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MOS's address at the webinar organised by North-Earthern Hill University on 'ASEAN-India Relations and the Rise of Multilateralism in Indo-Pacific and Beyond'

October 05, 2020

Prof. S.K. Srivastava, Vice-Chancellor, North Eastern Hill University
Amb. Rudi Warjri,
Dr. J. N. Nayak, Registrar, North Eastern Hill University
Distinguished Speakers, Delegates, Young Diplomats, Ladies and Gentlemen
Namaskaram and Good morning.


Let me start by thanking the North-Eastern Hill University for inviting me to address this webinar.

Ladies and Gentlemen, we are passing through tumultuous times. The COVID-19 pandemic continues to wreak havoc across the globe. It has forced us all to re-assess our healthcare infrastructure, focus on availability and affordability of medicines, development of reliable supply chains, and highlighted the need for strong collaborations in medical research. Since the virus does not respect national boundaries, the response to the pandemic also needs to be collective and collaborative. Strong multilateral cooperation is critical in our collective fight against the pandemic as also for a global economic recovery. India stands ready to strengthen efforts aimed at the development, equitable and universal access of diagnostics, vaccines and treatments. We need to find ways how ASEAN-India Strategic Partnership can lend its strength to the fight against the pandemic.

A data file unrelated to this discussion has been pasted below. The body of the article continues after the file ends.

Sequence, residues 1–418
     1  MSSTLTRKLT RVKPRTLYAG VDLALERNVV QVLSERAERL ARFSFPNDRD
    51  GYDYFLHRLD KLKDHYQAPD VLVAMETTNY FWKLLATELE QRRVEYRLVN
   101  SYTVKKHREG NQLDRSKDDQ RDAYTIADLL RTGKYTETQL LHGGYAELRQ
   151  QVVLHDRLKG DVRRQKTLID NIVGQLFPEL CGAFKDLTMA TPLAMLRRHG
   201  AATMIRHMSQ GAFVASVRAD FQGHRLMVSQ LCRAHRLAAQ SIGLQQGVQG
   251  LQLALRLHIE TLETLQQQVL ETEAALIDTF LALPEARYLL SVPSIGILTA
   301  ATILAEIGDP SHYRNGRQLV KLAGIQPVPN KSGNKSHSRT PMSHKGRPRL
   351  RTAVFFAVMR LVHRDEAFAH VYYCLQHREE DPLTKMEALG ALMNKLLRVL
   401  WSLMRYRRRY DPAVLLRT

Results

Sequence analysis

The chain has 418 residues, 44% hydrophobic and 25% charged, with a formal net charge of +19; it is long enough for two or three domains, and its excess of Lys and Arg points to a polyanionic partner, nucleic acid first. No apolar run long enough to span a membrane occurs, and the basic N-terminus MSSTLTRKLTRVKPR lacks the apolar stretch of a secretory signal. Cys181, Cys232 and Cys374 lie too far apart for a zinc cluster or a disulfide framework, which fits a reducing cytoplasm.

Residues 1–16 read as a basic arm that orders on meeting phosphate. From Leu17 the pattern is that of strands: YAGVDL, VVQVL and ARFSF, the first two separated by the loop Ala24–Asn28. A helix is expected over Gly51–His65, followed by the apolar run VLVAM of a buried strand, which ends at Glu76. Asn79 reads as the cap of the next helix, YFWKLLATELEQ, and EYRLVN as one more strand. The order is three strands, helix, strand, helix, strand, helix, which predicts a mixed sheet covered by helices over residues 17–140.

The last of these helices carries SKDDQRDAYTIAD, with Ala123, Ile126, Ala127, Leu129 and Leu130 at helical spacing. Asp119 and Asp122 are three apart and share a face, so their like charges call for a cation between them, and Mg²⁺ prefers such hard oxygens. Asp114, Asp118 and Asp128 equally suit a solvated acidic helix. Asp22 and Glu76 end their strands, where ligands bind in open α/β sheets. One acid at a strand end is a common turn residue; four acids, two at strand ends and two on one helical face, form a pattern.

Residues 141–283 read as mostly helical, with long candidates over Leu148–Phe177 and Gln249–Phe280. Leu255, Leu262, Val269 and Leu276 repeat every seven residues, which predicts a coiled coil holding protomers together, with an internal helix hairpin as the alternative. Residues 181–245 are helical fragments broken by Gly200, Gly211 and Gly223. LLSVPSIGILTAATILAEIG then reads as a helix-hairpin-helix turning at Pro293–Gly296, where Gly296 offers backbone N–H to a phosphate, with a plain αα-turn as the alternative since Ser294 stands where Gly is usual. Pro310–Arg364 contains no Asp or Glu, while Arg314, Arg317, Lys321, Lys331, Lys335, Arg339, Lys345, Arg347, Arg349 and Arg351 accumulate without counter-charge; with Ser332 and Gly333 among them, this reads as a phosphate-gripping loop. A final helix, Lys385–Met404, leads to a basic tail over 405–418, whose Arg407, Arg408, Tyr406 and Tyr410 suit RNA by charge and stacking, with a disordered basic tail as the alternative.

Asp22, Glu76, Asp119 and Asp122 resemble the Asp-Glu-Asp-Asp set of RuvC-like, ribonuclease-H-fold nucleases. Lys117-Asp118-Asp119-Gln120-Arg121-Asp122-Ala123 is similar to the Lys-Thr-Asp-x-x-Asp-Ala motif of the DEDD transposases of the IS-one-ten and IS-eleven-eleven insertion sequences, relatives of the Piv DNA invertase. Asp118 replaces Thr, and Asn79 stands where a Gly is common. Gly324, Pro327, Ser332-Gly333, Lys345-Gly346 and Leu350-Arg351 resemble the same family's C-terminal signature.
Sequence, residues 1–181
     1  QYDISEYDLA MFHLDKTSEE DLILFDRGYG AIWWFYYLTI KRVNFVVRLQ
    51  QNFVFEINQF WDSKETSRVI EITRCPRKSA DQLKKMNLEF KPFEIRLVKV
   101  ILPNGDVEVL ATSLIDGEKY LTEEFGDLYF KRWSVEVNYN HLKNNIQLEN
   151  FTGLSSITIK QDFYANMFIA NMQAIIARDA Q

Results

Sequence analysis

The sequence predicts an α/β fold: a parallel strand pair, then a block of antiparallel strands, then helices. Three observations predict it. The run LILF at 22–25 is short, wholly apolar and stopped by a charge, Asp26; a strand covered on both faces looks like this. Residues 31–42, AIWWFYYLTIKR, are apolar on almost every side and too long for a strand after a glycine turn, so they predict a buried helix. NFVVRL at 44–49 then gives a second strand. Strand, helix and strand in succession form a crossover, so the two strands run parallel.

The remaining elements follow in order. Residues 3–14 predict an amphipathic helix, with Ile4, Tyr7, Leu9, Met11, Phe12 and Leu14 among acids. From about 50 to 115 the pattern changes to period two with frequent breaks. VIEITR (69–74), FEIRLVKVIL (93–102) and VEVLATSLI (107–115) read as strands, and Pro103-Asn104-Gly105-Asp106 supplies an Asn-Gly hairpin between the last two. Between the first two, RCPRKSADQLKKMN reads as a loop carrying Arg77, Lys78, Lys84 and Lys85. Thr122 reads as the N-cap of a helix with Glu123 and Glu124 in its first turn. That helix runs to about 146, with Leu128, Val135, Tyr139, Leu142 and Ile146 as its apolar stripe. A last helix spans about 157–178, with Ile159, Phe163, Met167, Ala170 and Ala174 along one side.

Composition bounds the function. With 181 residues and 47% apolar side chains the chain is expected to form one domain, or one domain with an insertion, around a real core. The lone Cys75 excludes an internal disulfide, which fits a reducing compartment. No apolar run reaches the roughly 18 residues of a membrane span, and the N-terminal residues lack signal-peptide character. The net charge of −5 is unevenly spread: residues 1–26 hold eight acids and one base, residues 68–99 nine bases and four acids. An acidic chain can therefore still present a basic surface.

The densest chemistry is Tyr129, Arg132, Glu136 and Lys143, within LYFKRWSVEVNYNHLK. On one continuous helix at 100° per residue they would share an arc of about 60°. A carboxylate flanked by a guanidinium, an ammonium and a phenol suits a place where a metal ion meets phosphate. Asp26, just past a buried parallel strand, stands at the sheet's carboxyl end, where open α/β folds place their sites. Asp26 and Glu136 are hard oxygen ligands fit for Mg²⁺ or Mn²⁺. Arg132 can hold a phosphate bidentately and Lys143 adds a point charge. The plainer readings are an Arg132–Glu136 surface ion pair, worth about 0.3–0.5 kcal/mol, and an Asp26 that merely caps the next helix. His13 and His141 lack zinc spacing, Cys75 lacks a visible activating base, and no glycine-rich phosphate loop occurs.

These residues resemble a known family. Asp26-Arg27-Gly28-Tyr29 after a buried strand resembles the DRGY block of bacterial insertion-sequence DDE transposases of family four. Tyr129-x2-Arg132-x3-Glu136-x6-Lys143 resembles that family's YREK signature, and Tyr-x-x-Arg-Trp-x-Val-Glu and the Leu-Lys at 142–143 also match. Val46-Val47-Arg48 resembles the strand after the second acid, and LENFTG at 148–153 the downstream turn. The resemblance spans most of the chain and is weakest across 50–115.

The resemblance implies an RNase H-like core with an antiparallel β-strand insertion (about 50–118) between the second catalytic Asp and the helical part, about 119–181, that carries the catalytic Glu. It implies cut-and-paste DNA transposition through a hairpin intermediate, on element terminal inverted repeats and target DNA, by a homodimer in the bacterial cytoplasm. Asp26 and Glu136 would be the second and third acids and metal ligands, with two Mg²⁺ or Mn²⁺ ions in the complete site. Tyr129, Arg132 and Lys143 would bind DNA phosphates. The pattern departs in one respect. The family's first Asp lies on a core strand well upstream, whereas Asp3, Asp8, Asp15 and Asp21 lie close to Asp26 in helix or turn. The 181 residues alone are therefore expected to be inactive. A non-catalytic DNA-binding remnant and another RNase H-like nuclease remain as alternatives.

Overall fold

The strategic partnership of India and ASEAN stands on a strong foundation of our shared geographical, historical and civilisational ties. There has been a great flow of the people, ideas and material goods between our two regions since time immemorial leaving imprints on religion, art & architecture, language & literature, cuisine, crafts & textiles, music, dance & drama.

The two biggest religions of South-East Asia spread from/ through Indian subcontinent. The biggest temple of the world is not in India but in Cambodia. The languages of our two regions share a lot of common words including the word 'Bhasha' itself which means language. The Indian epics of Ramayana and Mahabharata are as popular in South-East Asia as they are in India. Almost every country in South-East Asia has its own version of Ram Leela. Even today, the coronation ceremony of Thai kings is performed with Indian rituals. All these are testimony to our long cultural and civilisational ties.